When Lilacs Last in the Dooryard Bloom'd

by Walt Whitman
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Last Updated on May 5, 2015, by eNotes Editorial. Word Count: 632

Whitman wrote “When Lilacs Last in the Dooryard Bloom’d” in the months following the assassination of President Lincoln on April 14, 1865. Whitman felt the loss of Lincoln personally. He had observed the president on a number of occasions in Washington, D.C. Once he saw him chatting with a friend at the White House and commented, “His face & manner . . . are inexpressibly sweet. . . . I love the President personally.” The elegy contains many of the elements that make up the traditional pastoral elegy, including the expression of grief and bewilderment by the poet, the sympathetic mourning of nature for the dead person (expressed by means of the pathetic fallacy), the rebirth of nature, a funeral procession, the placing of flowers on the bier, and finally, reconciliation and consolation.

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Whitman’s elegy is also about how the poet transmutes his sorrow, which at the outset is so great that it prevents him from writing, to the point where he can once more create poetry.

The elegy centers around four symbols: the lilac, the evening star, spring, and the hermit thrush, a bird that sings in seclusion. These symbols recur in varied forms throughout the poem, like musical motifs. The poet first declares his grief and invokes Venus, the evening star, which has now fallen below the horizon and left him in darkness and sorrow. He then develops the lilac symbol: In the dooryard of an old some farmhouse, a lilac bush blossoms. Each heart-shaped leaf (a symbol of love) he regards as a miracle, and he breaks off a sprig. The fourth symbol, the thrush that sings a solitary song, is introduced in section 4.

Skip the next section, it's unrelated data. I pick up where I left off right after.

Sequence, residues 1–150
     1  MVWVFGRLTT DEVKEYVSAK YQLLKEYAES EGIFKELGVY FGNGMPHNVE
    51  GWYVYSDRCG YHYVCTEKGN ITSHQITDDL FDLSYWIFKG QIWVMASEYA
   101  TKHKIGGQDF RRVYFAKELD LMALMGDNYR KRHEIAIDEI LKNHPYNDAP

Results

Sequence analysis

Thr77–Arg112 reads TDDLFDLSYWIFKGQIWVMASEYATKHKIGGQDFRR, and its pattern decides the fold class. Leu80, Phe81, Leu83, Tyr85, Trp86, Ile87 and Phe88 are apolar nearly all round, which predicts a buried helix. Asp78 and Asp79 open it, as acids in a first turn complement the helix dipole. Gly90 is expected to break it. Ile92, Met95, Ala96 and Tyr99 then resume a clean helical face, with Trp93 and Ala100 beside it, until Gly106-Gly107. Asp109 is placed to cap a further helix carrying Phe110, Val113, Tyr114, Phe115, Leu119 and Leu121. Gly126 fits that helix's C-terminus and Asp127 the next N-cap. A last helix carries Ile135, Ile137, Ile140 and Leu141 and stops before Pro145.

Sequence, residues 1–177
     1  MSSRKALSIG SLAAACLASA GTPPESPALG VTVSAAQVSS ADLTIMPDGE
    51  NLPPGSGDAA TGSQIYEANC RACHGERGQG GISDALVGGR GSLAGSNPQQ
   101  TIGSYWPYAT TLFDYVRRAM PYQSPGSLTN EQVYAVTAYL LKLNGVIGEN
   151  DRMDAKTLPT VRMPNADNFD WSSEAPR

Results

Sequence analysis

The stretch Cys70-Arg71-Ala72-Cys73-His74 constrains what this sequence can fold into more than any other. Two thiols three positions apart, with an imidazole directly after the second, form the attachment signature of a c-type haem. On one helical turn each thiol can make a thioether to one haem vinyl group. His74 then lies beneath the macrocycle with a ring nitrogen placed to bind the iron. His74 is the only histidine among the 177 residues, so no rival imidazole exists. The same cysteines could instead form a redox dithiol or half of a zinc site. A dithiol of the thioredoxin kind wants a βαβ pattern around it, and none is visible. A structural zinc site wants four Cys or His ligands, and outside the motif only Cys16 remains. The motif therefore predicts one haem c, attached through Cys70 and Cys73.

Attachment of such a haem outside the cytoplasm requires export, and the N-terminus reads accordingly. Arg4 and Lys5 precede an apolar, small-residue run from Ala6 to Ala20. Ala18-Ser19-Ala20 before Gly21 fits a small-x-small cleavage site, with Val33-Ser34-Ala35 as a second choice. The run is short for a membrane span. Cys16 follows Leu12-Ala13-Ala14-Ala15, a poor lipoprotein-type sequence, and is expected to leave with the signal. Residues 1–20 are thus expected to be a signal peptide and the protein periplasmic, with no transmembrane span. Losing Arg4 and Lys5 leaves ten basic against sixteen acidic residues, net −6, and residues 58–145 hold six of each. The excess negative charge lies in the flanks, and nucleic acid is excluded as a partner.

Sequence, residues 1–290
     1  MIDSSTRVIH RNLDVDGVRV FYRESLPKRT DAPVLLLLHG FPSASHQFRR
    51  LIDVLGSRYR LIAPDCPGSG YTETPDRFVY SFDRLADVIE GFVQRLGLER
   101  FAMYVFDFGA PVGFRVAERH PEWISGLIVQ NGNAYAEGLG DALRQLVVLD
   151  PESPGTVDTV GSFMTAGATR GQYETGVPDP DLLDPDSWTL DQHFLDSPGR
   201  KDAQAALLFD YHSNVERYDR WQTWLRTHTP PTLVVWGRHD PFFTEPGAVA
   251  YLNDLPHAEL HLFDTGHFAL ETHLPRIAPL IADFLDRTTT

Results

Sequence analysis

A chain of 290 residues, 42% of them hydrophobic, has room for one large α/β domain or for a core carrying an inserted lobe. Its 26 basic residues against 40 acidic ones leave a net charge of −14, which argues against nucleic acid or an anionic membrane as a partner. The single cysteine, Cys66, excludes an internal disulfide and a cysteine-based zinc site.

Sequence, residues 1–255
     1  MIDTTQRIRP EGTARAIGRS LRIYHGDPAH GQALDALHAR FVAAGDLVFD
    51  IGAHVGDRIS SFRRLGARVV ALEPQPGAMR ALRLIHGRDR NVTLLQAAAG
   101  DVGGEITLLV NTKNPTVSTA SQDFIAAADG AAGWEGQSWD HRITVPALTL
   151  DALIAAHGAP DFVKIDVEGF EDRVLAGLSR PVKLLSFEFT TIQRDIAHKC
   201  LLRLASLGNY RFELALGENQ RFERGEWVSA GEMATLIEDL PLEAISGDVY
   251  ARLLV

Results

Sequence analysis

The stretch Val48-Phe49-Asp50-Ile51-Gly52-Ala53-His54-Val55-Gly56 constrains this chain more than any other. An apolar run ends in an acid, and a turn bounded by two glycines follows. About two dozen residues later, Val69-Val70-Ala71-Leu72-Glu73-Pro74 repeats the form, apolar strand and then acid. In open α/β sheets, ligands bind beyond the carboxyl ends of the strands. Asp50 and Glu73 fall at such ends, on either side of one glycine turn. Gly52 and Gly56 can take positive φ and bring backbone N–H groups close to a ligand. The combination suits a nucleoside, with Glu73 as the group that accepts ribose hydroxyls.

Section 5 describes the coffin of Lincoln journeying night and day across the country (as it did in reality on its journey from Washington to Springfield, Illinois), as spring bursts through everywhere. Church bells toll, and as the coffin moves slowly past the poet, he throws his sprig of lilac onto it, although he makes it clear that this act is not for Lincoln alone (who is never mentioned by name in the poem) but for all who have died.

After an apostrophe to the evening star, which, in sympathy with the poet’s state of mind, is sinking in woe, the poet returns to the song of the hermit thrush. Although he hears and understands the call, he cannot yet sing with the thrush, because the star (now clearly associated, as “my departing comrade,” with Lincoln) still holds him. Eventually, as he looks out one spring evening on a serene landscape, an understanding of the true nature of death comes upon him like a mystical revelation. He personifies the knowledge of death, and his own thoughts about death, as two figures walking alongside him. Now he is able to interpret the song of the bird as a “carol of death.” A long aria, reminiscent of the song of the bird in “Out of the Cradle Endlessly Rocking,” follows. Death is described as soft, welcome, delicate, blissful, and as a “strong deliveress.”

In section 15, the poet sees a surrealistic vision of a battlefield, on which lie myriad corpses and whitened skeletons. The poet sees that the dead are at rest and do not suffer; it is only those left behind—families and comrades—who suffer. He leaves the vision behind and is also able to leave behind the birdsong, the lilac, and the evening star. The meaning of all these symbols now remains a permanent part of his awareness, however, so the elegy can move to its stately and moving close: “For the sweetest, wisest soul of all my days and lands—and this for his dear sake,/ Lilac and star and bird twined with the chant of my soul,/ There in the fragrant pines and the cedars dusk and dim.”

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